Governor Gavin Newsom’s visit to a COVID-19 vaccination site in Ramona Gardens last weekend brought unexpected attention to the issues of inequity and lack of access that have made communities like Boyle Heights the most highly impacted by the coronavirus.
Newsom addressed those issues and acknowledged the state has done a poor job in getting the vaccine out to Latino and Black communities during a press conference at the Boys and Girls Club in the Boyle Heights public housing complex, where a one-day mobile vaccination was set.
“This is what this site is all about. It’s proximate to a community that has been disproportionately impacted by this pandemic,” Newsom said.
“The effort here is to address that issue forthrightly. We have the responsibility, we have an obligation…We recognize we have more work to do,” added the governor, who is facing a recall campaign for his handling of the coronavirus pandemic.
The Ramona Gardens pop up, and a second site in Inglewood, were set up in partnership with the federal government and the state of California for people over 65 in communities disproportionality impacted by COVID-19.
But at the Ramona Gardens media event – which was attended by various local elected officials – it became obvious that some of the people being vaccinated were not from the neighborhood.
At Tuesday’s meeting of the Los Angeles County Board of Supervisors, chair Hilda Solís said that she was disgusted by media reports about people from more affluent neighborhoods who were active in social media being able to jump the line and take spots meant for vulnerable individuals.
“I am not surprised, I am disgusted,” said Solís, who was at the Ramona Gardens event. “And I am not disgusted at the work we are doing, but the behavior of people and the public that are not being responsible and allowing for those communities in the hardest hit areas to be able to stand in line and get their vaccine.”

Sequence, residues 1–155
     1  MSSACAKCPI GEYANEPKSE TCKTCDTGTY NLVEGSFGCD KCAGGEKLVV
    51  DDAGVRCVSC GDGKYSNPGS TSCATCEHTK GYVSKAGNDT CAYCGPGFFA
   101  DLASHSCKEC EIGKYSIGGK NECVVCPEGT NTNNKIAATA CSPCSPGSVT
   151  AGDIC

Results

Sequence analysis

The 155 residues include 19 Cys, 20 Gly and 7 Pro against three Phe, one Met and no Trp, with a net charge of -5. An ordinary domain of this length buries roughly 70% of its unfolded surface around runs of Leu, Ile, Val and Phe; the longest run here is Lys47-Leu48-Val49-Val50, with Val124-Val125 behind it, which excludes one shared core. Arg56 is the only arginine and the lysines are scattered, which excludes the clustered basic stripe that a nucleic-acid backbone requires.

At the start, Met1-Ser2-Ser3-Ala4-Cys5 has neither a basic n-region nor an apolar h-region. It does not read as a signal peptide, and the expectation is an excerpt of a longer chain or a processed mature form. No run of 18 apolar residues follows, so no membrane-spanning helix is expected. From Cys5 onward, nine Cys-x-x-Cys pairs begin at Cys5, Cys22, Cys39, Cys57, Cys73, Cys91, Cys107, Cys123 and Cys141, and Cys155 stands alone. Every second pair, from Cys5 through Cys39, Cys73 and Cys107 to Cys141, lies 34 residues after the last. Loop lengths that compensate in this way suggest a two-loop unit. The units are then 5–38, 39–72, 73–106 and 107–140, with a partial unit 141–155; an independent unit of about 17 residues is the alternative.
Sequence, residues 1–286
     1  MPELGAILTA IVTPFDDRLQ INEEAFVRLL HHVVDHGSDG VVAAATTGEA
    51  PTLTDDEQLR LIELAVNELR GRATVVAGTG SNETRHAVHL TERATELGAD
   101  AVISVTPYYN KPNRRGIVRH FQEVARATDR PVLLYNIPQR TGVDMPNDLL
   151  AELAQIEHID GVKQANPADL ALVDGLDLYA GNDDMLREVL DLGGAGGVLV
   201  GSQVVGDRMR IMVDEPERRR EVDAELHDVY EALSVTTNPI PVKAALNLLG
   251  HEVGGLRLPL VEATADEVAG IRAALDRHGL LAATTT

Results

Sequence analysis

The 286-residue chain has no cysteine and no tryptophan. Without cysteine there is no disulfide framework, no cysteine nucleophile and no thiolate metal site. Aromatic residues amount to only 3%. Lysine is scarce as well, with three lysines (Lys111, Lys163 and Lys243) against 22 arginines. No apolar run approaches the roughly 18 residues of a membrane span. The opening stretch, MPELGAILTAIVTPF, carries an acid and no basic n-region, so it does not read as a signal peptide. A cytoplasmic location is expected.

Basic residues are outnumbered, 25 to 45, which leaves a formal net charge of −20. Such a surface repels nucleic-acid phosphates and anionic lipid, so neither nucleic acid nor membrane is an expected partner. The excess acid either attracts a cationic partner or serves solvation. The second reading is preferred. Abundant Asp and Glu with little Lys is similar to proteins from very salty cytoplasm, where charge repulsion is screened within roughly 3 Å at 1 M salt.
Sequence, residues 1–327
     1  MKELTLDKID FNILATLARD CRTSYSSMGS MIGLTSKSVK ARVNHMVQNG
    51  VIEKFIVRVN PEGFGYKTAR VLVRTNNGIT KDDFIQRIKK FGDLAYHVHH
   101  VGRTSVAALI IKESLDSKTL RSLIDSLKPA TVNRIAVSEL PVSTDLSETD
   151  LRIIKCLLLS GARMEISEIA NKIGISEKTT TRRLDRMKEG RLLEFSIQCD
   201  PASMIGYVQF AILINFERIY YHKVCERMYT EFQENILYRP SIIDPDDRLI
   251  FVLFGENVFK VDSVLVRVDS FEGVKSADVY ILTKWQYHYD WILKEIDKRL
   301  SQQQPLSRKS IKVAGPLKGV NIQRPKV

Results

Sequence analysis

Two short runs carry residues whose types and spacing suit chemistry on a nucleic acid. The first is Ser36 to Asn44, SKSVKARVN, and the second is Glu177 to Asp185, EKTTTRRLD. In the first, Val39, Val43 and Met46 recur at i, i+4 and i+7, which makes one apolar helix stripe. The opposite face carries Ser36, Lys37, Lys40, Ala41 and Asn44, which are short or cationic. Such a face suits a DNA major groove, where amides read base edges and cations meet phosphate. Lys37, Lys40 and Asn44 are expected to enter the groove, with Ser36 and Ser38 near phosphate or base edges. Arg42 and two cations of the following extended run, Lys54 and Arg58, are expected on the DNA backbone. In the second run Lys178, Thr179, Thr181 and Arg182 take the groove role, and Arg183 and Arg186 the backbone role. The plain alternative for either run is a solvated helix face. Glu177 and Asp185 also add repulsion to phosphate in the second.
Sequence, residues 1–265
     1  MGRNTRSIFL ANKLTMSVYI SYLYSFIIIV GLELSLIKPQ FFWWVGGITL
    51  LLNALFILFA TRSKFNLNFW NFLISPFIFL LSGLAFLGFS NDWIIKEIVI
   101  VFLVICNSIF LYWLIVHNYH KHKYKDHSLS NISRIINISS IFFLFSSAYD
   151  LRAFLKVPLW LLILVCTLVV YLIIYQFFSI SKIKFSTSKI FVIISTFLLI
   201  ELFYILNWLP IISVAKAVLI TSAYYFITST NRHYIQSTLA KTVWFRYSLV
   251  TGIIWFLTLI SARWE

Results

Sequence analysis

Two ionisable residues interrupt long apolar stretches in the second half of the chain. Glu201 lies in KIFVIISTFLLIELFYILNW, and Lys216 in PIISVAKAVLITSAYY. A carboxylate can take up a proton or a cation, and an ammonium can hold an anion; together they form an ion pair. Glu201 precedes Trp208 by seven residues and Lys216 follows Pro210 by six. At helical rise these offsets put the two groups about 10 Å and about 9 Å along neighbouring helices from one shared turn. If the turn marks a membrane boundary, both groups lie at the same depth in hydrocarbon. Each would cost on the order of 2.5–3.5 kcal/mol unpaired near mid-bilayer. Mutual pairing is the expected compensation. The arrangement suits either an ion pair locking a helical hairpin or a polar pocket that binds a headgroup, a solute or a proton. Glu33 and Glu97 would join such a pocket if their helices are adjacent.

According to a report the Los Angeles Times, special vaccine access codes meant for members of predominately Latino and Black communities began circulating in group chats and messages. In some cases, many of the people who used the codes were not eligible for the vaccine, according to state and local guidelines.
“I can tell you, off the bat, I was very alarmed to hear that individuals had gained access from the code, the code that is just given, I think, a day or maybe hours before the actual pod is set up and somehow they were able to get in line, ahead of the people this was intended for,” Solís said.
Since the rollout of vaccines for those 65 and older, areas with high populations of at-risk communities were not receiving equitable shares—especially in neighborhoods such as Boyle Heights which has seen some of the highest rates of COVID-19 infections during the pandemic.
According to an LA Times analysis of county data, in Boyle Heights –where 1 in 5 people have contracted COVID-19 and 1 in 337 people have died from the virus– only 1 in 15 people have been vaccinated. In the much more affluent community of Bel Air, 1 in 24 have contracted the virus, there are two reported COVID19-related deaths and 1 in 4 people have been vaccinated.
While no studies have confirmed the relationship between wealth and vaccination rates, the differences in income and race between those two communities are stark: Bel Air has an average income of $201,000 a year with only 23% of the population identified as nonwhite compared to Boyle Heights where the average yearly income is $43,000 and the nonwhite population is 98%.
At a COVID-19 briefing earlier this month, Los Angeles Mayor Eric Garcetti was asked by BHB about vaccine equity in areas like Boyle Heights, and how he intended to ensure that folks at higher risk would be able to receive the vaccine before people from wealthier neighborhoods who are at lower risk of infection. Garcetti responded that, legally, he could not order vaccinations priorities based on where people lived.
“I’m not legally permitted to [vaccinate] by geography but I would love the freedom to go by geography and zip code as much as by age or profession,” said Garcetti. “I absolutely would look at reserving vaccines for some of our hardest hit zip codes and surging them in to folks who don’t necessarily fit into the 65 and over or healthcare worker, or whatever is available. I’m very supportive of that.”